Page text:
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Dec 20, 2022

Bank of America receives proposal on financing activities and climate

Proponent wants to know about bank’s transition plan

A shareholder group has filed a proposal with Bank of America seeking information about its efforts to tackle climate change alongside its investments as a bank – a resolution reflecting broader interest in financial institutions’ activities as they relate to greenhouse gas (GHG) emissions by outside companies and their projects.

The proposal requests that Bank of America release a report ‘disclosing a transition plan that describes how it intends to align its financing activities with its 2030 sectoral [GHG] emissions reduction targets, including the specific measures and policies to be implemented, reductions to be achieved by such measures and policies and timelines for implementation and associated emission reductions’.

Proponent As You Sow writes in its submission: ‘The banking sector has a critical role to play in achieving global net-zero by 2050 goals. The Net Zero Banking Alliance notes that 40 percent of global banking assets have committed to aligning lending and investment portfolios with net zero by 2050. But targets alone are insufficient. Investors seek disclosures demonstrating banks’ concrete transition strategies to credibly achieve their disclosed emission reduction targets.’ 

The group adds that an effective transition plan creates accountability by outlining strategies, indicators, milestones, metrics and timelines for reaching decarbonization targets and assuring investors that a bank is ‘addressing and accountable for the risks associated with its financing of high-carbon activities’.

‘[Bank of America] has set forth no such transition plan… The disclosures requested in this proposal will help assure investors that [the bank] has an effective and accountable transition plan in place for achieving its 2030 intensity goals.’

The company’s options include negotiating with As You Sow or requesting SEC no-action relief for omitting the proposal from its proxy statement. The company filed its 2022 proxy statement on March 7.

A Bank of America spokesperson said the company received and is reviewing the proposal but has no comment.

Shareholder proponents have in recent proxy seasons begun moving from seeking disclosures around climate change and its likely impact on companies to wanting to know how companies plan to address those impacts – particularly if a company has issued a new zero pledge. In addition, some want to know how financial institutions’ support of projects and investments for other entities fit with efforts to combat climate change.

For example, Chubb shareholders this year voted in favor of a proposal seeking disclosure about the insurer’s plans to reach net-zero GHG emissions in relation to its underwriting and other financial activities.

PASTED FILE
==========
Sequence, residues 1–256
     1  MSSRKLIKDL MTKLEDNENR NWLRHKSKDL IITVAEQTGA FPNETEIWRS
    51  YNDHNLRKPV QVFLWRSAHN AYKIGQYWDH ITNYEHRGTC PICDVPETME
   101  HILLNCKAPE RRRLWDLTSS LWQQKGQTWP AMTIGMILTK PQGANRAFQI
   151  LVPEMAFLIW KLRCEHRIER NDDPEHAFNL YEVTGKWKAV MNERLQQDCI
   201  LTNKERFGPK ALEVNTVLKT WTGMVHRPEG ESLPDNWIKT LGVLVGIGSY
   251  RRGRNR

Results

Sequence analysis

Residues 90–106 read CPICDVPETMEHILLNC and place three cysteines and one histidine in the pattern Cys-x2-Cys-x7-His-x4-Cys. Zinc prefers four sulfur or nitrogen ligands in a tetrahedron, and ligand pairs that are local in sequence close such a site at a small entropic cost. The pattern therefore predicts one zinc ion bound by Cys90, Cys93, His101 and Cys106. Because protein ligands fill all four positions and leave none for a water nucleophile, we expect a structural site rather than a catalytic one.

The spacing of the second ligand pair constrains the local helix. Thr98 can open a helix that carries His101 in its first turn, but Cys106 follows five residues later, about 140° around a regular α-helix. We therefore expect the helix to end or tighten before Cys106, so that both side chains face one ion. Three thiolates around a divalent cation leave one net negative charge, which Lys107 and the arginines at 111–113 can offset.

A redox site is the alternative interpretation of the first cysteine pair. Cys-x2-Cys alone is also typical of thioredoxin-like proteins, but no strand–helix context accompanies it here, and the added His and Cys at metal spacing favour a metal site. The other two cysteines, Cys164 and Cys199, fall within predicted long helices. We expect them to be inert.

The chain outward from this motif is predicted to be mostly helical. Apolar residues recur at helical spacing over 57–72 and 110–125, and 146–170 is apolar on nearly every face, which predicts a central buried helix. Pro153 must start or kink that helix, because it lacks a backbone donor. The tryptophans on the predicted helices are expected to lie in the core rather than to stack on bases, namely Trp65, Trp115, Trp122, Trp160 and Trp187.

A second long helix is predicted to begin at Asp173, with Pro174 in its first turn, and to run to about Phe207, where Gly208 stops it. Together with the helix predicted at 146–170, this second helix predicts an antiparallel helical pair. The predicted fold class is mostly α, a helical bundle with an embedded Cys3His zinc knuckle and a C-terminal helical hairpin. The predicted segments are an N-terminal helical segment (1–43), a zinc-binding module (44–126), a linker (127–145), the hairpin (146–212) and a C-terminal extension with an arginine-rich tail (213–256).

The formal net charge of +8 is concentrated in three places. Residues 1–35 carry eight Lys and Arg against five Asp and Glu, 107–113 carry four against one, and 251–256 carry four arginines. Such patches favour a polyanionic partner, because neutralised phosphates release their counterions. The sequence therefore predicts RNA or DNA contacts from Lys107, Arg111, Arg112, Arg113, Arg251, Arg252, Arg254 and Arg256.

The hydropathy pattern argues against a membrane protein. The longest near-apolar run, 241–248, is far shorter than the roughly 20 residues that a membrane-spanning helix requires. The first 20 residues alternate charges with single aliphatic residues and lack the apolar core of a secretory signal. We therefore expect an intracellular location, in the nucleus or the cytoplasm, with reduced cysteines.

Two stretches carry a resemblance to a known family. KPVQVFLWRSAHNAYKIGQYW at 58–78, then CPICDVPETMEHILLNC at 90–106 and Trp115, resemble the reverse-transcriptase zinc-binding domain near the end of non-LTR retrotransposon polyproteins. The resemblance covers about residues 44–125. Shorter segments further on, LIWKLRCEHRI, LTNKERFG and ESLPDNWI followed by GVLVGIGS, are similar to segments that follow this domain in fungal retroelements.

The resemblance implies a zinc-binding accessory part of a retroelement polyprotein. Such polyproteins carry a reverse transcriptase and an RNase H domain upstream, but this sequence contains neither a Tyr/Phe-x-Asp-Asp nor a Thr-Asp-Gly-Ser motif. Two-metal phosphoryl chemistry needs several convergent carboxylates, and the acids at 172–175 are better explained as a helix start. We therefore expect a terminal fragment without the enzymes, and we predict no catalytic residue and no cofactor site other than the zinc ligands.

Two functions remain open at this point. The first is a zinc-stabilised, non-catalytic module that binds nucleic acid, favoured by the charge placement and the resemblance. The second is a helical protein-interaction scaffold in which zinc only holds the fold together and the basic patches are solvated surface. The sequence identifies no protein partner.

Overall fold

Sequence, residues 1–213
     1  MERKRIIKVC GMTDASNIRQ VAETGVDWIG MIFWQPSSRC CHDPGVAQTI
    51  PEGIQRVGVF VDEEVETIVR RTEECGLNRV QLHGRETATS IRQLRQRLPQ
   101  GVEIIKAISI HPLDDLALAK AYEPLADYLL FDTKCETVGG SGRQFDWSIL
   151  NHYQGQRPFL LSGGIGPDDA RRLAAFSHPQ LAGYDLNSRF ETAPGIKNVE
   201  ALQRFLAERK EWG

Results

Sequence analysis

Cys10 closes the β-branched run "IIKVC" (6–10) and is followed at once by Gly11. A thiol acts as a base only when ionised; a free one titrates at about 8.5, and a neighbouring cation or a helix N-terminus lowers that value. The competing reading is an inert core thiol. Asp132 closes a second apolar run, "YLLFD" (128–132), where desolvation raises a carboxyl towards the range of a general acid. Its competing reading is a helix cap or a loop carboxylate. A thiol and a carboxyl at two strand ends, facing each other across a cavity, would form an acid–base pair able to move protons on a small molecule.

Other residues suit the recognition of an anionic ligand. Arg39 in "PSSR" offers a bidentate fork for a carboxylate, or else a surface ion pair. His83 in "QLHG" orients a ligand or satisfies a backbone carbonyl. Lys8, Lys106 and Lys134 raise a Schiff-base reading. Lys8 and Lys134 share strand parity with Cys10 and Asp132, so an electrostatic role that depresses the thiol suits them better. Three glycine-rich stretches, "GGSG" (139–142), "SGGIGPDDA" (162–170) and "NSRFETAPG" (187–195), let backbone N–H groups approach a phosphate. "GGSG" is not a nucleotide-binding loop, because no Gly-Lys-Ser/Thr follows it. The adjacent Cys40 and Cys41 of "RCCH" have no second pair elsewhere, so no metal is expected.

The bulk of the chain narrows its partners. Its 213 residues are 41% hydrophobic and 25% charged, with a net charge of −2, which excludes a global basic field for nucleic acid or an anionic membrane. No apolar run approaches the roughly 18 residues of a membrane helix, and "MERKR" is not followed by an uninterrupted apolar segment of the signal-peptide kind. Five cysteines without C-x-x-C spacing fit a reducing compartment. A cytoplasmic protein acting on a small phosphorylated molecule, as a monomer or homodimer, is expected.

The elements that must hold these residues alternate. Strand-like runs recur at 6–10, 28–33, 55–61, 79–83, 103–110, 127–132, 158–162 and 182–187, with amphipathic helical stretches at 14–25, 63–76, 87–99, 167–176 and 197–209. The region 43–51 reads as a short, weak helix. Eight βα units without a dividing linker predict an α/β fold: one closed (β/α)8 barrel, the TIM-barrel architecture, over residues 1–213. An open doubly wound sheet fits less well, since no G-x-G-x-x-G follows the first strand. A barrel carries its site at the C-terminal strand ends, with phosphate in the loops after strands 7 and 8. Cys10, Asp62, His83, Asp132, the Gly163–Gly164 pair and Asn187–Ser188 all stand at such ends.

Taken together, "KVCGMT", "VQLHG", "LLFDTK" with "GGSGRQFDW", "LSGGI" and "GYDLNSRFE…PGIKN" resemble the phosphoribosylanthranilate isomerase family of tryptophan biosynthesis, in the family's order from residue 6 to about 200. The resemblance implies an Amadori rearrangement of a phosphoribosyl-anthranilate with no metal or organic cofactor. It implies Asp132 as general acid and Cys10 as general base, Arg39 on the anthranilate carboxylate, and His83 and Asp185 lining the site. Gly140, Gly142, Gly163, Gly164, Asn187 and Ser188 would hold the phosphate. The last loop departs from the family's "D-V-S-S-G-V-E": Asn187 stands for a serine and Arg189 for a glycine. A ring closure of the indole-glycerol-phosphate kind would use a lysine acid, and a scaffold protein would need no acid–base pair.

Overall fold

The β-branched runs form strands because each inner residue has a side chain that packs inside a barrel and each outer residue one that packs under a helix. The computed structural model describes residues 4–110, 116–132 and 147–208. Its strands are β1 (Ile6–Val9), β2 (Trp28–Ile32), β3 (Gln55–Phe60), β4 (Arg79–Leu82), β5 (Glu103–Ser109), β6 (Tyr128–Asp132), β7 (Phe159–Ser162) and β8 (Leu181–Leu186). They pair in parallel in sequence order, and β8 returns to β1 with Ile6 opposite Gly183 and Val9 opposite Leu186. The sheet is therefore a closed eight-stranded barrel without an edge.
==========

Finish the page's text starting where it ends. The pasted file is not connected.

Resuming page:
Almost three quarters of votes cast at the company’s May 19 AGM were in support of the proposal, which requested that Chubb release a report ‘addressing whether and how it intends to measure, disclose and reduce the GHG emissions associated with its underwriting, insuring and investment activities in alignment with the Paris Agreement’s 1.5°C goal, requiring net-zero emissions’.

Chubb’s board had urged shareholders to vote against the proposal. It argued in the company’s proxy statement that ‘Chubb recognizes the existential threat of global warming and the necessity of moving away from global reliance on fossil fuels. Chubb announced its support for a global transition to a net-zero economy by 2050 and we have acknowledged our responsibility to take action to support and encourage this transition.’

The board wrote that the company is making ‘appropriate commitments on climate action’ including limiting certain underwriting activity. ‘But underwriting limitations must be balanced against the essential and core purpose of insurance, which society expects us to fulfill, to provide risk protection for lawful activity,’ it stated. ‘Any such limits on entire classes of activity interfere with this purpose and must be an exception based on analytical, fact-based examination of realistic alternatives.’

Asked in May for comment on the vote, a Chubb spokesperson referred to a company statement that read in part: ‘With respect to this resolution, the company currently provides extensive disclosure regarding climate issues, including an annual report aligned with the [TCFD] reporting framework… The board and management will consider what additional reporting will be appropriate in response to the shareholder proposal. The board and management respect and value input from the company’s shareholders and look forward to continued engagement on climate issues.’

Ben Maiden

Ben Maiden is the editor-at-large of Governance Intelligence, an IR Media publication, having joined the company in December 2016. He is based in New York. Ben was previously managing editor of Compliance Reporter, covering regulatory and compliance...